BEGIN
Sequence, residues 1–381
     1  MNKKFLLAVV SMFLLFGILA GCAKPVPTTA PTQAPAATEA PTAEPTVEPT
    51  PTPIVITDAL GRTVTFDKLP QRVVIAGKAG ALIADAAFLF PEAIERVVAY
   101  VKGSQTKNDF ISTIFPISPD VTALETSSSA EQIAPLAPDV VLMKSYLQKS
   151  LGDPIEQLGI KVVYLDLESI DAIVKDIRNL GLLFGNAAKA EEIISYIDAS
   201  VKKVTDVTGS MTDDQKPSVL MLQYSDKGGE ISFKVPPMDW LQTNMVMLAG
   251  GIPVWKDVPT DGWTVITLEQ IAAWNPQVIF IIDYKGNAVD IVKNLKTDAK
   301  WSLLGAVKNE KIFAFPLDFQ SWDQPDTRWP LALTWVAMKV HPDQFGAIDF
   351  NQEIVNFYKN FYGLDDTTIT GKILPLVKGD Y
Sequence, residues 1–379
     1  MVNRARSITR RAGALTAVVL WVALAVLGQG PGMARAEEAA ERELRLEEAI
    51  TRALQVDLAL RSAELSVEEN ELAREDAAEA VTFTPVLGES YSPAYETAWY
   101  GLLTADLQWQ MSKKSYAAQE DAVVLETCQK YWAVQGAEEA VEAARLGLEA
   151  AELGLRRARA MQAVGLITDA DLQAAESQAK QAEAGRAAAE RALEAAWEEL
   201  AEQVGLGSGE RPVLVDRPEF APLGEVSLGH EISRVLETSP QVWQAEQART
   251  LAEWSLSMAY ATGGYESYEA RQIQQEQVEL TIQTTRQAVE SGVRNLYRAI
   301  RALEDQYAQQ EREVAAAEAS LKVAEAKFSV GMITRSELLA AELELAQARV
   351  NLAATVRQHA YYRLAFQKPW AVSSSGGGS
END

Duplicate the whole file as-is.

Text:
Sequence, residues 1–381
     1  MNKKFLLAVV SMFLLFGILA GCAKPVPTTA PTQAPAATEA PTAEPTVEPT
    51  PTPIVITDAL GRTVTFDKLP QRVVIAGKAG ALIADAAFLF PEAIERVVAY
   101  VKGSQTKNDF ISTIFPISPD VTALETSSSA EQIAPLAPDV VLMKSYLQKS
   151  LGDPIEQLGI KVVYLDLESI DAIVKDIRNL GLLFGNAAKA EEIISYIDAS
   201  VKKVTDVTGS MTDDQKPSVL MLQYSDKGGE ISFKVPPMDW LQTNMVMLAG
   251  GIPVWKDVPT DGWTVITLEQ IAAWNPQVIF IIDYKGNAVD IVKNLKTDAK
   301  WSLLGAVKNE KIFAFPLDFQ SWDQPDTRWP LALTWVAMKV HPDQFGAIDF
   351  NQEIVNFYKN FYGLDDTTIT GKILPLVKGD Y
Sequence, residues 1–379
     1  MVNRARSITR RAGALTAVVL WVALAVLGQG PGMARAEEAA ERELRLEEAI
    51  TRALQVDLAL RSAELSVEEN ELAREDAAEA VTFTPVLGES YSPAYETAWY
   101  GLLTADLQWQ MSKKSYAAQE DAVVLETCQK YWAVQGAEEA VEAARLGLEA
   151  AELGLRRARA MQAVGLITDA DLQAAESQAK QAEAGRAAAE RALEAAWEEL
   201  AEQVGLGSGE RPVLVDRPEF APLGEVSLGH EISRVLETSP QVWQAEQART
   251  LAEWSLSMAY ATGGYESYEA RQIQQEQVEL TIQTTRQAVE SGVRNLYRAI
   301  RALEDQYAQQ EREVAAAEAS LKVAEAKFSV GMITRSELLA AELELAQARV
   351  NLAATVRQHA YYRLAFQKPW AVSSSGGGS